Some sour beer may also have a bit of a caramel or toffee flavor, which is also good. It usually has a light to medium foam head with good head retention.
Wondering how you will be able to know if what you’re getting is indeed a sour beer? Well, most craft brewers in the U.S would put “sour” in the beers’ labels to let the consumers know that they’re sour beer.
On the other hand, they can also come with the name “wild ale,” after the wild yeasts used in them.
You may also see something along the lines of “Brett Beer,” which refers to Brett or the wild yeast Brettanomyces.
Risks and Warning
Before you brew your first with a sour beer recipe, you must also know its risks. But keep in mind that it’s actually not as scary as most people make it sound.
But then, you need to be aware of these things to avoid contaminating your whole homebrew system.
That “horse blanket” of the wild yeast Brett or the bacteria Lactobacillus is usually very hard to remove and would most probably contaminate the next beer you’ll brew in the container you used these bacteria in.
After that, they would spread all over your brewery like wildfire, contaminating every brew and wort you have.
This is the reason why most homebrewers don’t recommend making sour beer at home, especially if you’re still a novice.
And we won’t deny that this is true.
However, sour beer has become so expensive that more and more people are now learning how to make it at home.
And there’s nothing wrong with it! After all, we’ve come to learn how to get around the contamination issue over time.
You can strategize the tools and equipment you’ll be using to minimize the number of those that will be discarded.
Tools And Supplies For Brewing Sour Beer Recipe
- 5-gallon brewing kettle or brewer
- Primary fermenter with bubbler
- Secondary fermenter with bubbler
- Brewer’s Thermometer
- Long spoon or stirrer (must be stainless)
- Immersion chiller or ice
Sour Beer Recipe Ingredients
- Distilled water
- 6 lbs. Pilsner malt
- 5 lbs. Wheat malt
- ½ lb. rice hulls (optional)
- One packet of Omega Yeast Lacto Blend 605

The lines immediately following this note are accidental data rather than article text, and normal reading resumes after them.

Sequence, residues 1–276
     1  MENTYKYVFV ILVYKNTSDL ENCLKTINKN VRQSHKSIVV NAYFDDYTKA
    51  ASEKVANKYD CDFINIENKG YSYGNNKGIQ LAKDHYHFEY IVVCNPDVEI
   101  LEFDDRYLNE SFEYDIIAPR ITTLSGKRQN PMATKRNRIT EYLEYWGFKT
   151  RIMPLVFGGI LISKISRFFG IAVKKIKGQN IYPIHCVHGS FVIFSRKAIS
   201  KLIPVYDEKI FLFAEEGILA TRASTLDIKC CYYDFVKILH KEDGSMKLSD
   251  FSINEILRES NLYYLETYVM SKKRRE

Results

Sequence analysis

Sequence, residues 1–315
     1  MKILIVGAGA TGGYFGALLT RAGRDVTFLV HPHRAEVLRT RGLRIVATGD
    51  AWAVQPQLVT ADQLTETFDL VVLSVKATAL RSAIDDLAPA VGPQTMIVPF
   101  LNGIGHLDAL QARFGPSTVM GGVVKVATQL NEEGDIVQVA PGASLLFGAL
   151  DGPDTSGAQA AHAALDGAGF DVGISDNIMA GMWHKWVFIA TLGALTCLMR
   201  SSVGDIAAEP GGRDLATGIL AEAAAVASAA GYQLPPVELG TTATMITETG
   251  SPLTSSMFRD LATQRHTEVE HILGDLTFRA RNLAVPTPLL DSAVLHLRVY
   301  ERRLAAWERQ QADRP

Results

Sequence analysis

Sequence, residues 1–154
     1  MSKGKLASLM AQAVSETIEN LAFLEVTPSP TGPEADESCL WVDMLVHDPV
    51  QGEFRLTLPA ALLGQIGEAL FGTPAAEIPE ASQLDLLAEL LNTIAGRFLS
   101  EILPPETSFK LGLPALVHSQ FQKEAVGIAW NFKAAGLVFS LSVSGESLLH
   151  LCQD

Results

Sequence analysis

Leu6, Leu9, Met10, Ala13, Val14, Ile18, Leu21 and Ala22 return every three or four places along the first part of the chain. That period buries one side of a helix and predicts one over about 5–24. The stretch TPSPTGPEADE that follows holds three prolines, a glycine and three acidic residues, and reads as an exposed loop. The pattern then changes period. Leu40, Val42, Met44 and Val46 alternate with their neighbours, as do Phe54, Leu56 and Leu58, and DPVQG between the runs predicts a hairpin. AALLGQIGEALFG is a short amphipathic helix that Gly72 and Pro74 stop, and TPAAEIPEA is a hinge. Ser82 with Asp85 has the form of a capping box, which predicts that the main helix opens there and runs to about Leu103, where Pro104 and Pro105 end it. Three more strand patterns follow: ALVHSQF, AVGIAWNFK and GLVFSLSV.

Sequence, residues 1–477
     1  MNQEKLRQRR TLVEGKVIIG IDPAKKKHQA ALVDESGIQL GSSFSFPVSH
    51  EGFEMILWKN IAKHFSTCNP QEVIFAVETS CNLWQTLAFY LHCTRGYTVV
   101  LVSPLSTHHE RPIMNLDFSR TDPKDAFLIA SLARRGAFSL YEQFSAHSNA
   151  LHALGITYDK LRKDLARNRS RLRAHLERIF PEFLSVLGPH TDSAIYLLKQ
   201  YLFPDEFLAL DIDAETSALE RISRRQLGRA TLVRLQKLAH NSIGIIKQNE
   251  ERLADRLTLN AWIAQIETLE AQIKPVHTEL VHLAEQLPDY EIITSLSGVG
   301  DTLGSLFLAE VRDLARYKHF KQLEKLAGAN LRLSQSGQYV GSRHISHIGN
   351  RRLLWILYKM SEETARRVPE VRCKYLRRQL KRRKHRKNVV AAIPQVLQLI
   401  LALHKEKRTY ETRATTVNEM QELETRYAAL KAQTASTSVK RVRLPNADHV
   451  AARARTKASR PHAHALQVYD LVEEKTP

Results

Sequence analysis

- A packet of White Labs WLP001 or California Ale Yeast
Step-By-Step Sour Beer Recipe – Guide To Brew Kettle Sour Beer
Step 1: Prepare The Mash
This is a basic all grain recipe, so we’ll use whole grains such as Pilsner and wheat malts. If you’re more used to malt extract, it’s also fine as the result is usually not that different.
To jumpstart the mashing process, heat your distilled water in the 5-gallon kettle or brewer at around 152 degrees Fahrenheit.
Add your Pilsner and wheat malts. You can also crush them beforehand.
If you want to be extra…
…you can use rice hulls and mix them with the grains so they wouldn’t clump or stick to the bottom of your mash tun. It’s optional, though, so if you can’t find any rice hulls near you, it’s okay, but it’s better to use them if you have the options.
Using your long stirrer or spoon, stir the mash consistently while bringing it to a boil. The grains should be completely submerged in water.
Maintain the temperature to 150 to 170 degrees Fahrenheit.
Wait, what about hops?
Well, adding hops isn’t very necessary in brewing sour beer. But you can add some if you prefer a bit of a hoppy flavor.
To make the sour beer style, it’s ideal to have only a few to no hop additions.
…hops were added to beer in order to prevent microorganisms from spoiling it. The more bitter a beer is, the slower it is to spoil.
And a spoiled beer means a sour beer. So technically, hops have no business in sour beer brewing!